I received many “words of wisdom” during my orientation week at Duke, and I can’t remember any of them.
It took two years, but I think I’ve finally heard a bit of wisdom that perfectly encompasses many of the lessons I’ve learned at Duke. I overheard a truism last week that originates from Dr. Gary Glass, assistant director for outreach and developmental programming for CAPS: “the only normal people are the ones you don’t know very well.”
This can be misconstrued, so let’s be clear: Some people are flat-out weird. If you sleep in the nude, talk to yourself in a voice louder than 90 decibels or have an obsession with ferrets, I don’t need to know you to figure out that you’re abnormal.
But that’s not the kind of normal I’m talking about. In this case, I mean the “ideal” person—the individual you aspire to be.
For me, it’s the guy who looks like he is having a good time every weekend, who is involved in everything, who can ace his Public Policy test without studying and who attracts a lot of girls. For others, it’s someone who writes poetry and chills at the Duke Coffeehouse every week.
This is nothing revolutionary. Festinger’s theory of social comparison, which suggests that people evaluate themselves by comparing their abilities or actions to those of their perceived peers, dates back to 1954. Usually the examples given to illustrate this theory involve someone’s income, or maybe their martial status. In most of life, these kinds of things are difficult to hide: You either make a lot of money or you don’t, and it’s pretty easy to tell based on how nice your house or car is. If you get a divorce, it’s tough to keep that a secret.
But college life is a little more abstract. Happiness is derived from success in a complex set of social interactions and in academic endeavors, the results of which are usually kept private. The key three sorority girl next door to you might not have any actual close friends. The alleged straight-A wiseass in the library may actually be failing three classes. Also, that poet in the coffeehouse probably sucks at writing.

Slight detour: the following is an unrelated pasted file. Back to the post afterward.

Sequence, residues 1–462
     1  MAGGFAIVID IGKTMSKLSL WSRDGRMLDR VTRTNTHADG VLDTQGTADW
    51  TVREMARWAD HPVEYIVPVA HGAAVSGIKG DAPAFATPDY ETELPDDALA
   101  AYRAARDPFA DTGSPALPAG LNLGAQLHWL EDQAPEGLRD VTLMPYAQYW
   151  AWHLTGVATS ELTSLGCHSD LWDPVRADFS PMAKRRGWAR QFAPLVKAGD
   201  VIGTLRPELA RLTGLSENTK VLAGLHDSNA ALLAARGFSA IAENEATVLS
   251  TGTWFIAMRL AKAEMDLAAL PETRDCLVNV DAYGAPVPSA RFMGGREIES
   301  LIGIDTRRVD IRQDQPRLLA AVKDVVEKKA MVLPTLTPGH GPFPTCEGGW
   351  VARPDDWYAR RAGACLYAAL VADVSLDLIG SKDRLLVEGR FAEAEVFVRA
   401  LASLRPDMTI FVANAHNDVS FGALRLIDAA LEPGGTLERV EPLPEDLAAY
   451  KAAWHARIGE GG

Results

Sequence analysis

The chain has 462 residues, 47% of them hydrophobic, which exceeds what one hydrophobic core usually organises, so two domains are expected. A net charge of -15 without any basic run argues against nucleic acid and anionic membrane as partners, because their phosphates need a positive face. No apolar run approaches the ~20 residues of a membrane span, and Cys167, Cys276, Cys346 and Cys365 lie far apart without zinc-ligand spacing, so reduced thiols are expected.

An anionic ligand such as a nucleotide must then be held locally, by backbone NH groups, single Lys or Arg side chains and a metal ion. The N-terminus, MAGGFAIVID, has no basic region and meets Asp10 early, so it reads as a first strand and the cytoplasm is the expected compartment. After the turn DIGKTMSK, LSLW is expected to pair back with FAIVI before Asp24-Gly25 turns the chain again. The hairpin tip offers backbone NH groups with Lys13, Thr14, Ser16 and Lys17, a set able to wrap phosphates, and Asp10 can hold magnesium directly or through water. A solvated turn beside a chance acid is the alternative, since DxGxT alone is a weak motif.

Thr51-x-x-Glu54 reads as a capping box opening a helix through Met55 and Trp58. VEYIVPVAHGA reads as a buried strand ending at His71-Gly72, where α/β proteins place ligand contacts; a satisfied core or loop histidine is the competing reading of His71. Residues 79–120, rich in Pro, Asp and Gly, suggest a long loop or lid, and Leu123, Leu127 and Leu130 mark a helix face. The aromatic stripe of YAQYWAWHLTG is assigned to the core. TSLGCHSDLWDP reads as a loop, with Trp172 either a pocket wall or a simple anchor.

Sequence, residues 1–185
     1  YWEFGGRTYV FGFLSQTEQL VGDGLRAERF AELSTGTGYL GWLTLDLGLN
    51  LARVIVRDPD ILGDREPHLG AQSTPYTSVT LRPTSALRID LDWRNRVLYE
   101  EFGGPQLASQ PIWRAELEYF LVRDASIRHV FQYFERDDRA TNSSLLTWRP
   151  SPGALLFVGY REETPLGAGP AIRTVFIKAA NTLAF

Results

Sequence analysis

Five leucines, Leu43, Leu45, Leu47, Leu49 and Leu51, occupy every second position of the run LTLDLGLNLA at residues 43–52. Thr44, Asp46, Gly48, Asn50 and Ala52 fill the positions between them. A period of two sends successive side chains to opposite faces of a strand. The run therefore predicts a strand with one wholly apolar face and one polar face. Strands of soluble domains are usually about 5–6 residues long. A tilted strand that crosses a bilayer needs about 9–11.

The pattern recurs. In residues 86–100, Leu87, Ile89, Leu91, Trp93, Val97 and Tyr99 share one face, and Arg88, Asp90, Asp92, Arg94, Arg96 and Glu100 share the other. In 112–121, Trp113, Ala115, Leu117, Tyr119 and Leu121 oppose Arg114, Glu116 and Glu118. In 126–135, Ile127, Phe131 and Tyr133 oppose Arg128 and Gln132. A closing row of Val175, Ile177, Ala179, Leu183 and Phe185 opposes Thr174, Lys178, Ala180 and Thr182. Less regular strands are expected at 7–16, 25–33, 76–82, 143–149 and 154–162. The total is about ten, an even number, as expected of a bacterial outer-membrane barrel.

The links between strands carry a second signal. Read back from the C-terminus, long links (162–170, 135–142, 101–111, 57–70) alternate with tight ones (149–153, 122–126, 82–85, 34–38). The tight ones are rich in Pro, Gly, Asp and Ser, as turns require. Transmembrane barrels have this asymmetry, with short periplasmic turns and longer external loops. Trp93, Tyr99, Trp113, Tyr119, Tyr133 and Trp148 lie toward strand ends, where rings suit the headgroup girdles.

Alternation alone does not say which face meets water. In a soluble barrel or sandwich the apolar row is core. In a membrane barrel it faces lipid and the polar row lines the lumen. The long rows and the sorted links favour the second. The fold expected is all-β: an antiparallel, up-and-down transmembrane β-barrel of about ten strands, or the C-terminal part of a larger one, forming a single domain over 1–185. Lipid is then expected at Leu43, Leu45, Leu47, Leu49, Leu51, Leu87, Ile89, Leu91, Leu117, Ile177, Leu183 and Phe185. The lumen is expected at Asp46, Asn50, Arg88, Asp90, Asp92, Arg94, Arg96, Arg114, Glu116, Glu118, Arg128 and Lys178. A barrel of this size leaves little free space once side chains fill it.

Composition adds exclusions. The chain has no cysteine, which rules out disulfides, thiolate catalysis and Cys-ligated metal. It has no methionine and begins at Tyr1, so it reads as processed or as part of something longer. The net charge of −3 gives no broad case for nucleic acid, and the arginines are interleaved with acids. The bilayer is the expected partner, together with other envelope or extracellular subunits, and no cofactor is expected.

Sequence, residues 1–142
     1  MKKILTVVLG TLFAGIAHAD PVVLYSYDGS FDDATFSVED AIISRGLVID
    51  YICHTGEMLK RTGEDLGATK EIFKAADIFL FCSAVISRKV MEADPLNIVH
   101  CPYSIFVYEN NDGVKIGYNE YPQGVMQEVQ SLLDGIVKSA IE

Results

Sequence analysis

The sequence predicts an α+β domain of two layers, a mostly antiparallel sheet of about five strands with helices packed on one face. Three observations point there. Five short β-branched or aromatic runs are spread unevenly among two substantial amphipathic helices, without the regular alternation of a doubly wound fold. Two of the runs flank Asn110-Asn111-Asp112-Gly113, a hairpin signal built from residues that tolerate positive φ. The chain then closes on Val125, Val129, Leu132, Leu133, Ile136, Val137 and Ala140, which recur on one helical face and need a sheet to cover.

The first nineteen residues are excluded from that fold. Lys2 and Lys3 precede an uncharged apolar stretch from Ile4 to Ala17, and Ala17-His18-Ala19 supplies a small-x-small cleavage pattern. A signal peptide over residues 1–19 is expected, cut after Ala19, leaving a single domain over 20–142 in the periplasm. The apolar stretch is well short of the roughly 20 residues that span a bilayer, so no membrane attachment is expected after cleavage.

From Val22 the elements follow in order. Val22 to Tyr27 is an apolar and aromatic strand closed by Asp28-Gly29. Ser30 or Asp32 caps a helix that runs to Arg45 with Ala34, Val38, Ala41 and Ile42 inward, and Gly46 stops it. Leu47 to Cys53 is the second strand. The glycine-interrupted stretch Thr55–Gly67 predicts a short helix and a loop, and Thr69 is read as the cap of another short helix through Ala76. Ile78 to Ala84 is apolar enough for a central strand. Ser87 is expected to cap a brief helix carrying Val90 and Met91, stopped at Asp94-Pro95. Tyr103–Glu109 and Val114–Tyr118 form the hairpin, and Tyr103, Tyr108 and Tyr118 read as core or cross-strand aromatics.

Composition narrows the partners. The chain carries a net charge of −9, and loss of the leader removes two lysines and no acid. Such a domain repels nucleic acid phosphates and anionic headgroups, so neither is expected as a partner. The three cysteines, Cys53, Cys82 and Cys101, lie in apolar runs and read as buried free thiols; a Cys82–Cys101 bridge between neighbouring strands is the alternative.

Since most people have a tendency not to advertise their failures or hardships, you rarely have enough information to assess who the “normal” people really are.
Take the Facebook syndrome. If you’re ever unfortunate enough to be in Perkins on a Saturday night, odds are your first move is to check your news feed before opening up your microbiology textbook. It’s some horrendous compilation of pictures from last night at Shooters II with status updates about Saturday night’s plans. And, stunningly, no one on Facebook seems to be doing the same thing you are. I’ve seen a lot of “SHOOOOTAHS” status updates—how often do you see “PERKINNNNS?”
That’s because your status updates—much like most people’s real “life” updates—are meant to convey the person you want to portray, not necessarily the person you consistently are. I’m guilty as sin here—I’ve never once posted a status update informing the world that I was sitting in my room on my bed napping away a Friday night, even though I’m confident that just about everyone at Duke has at one point or another been in the same rig probably.
This phenomenon wouldn’t be a problem if one didn’t think about it every time life was going a little less than perfectly. I start imagining what my half-real normal person would do in a given situation, or what he’s doing at that moment, and it’s almost always better than what I’m doing. Of course, no one’s informed me that he’s failing one of his classes, or that he’s an alcoholic, or that most girls actually think he’s a d-bag—you’d need to know him to know that he’s not so normal after all.
So the right way to evaluate your happiness is probably not to try and live up to this imaginary ideal, not just because it will make you unhappy, but also because you don’t have anywhere near enough information about most people to make a sound judgment.
But you do have a lot of information about one person: yourself. I know exactly how happy I was three years ago for one very good reason—I was there. So the best way to understand how I’m doing is to measure my current state against prior ones, rather than try to guess how other people are doing.
That means I’m going to stop guessing what other people are doing on Saturday nights, and try and remember what I was doing last weekend. I’m going to compare my friends to the ones I had a few years ago, not the ones other people have, and my grades to the ones I received last semester, not the ones other people allegedly get.
And since I know myself, I’m going to admit I’ll never be normal.
Jeremy Ruch is a Trinity junior. His column runs every other Monday.
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